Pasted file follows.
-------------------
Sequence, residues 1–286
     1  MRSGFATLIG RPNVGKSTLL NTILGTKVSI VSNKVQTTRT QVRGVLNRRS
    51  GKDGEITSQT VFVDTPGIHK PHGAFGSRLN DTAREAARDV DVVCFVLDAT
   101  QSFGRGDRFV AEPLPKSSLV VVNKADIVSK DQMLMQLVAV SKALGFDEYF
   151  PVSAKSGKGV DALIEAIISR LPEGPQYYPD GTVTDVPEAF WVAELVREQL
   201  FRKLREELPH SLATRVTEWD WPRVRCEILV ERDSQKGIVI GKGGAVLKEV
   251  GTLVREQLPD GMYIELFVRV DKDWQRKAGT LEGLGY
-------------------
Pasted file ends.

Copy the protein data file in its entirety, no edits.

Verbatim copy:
Sequence, residues 1–286
     1  MRSGFATLIG RPNVGKSTLL NTILGTKVSI VSNKVQTTRT QVRGVLNRRS
    51  GKDGEITSQT VFVDTPGIHK PHGAFGSRLN DTAREAARDV DVVCFVLDAT
   101  QSFGRGDRFV AEPLPKSSLV VVNKADIVSK DQMLMQLVAV SKALGFDEYF
   151  PVSAKSGKGV DALIEAIISR LPEGPQYYPD GTVTDVPEAF WVAELVREQL
   201  FRKLREELPH SLATRVTEWD WPRVRCEILV ERDSQKGIVI GKGGAVLKEV
   251  GTLVREQLPD GMYIELFVRV DKDWQRKAGT LEGLGY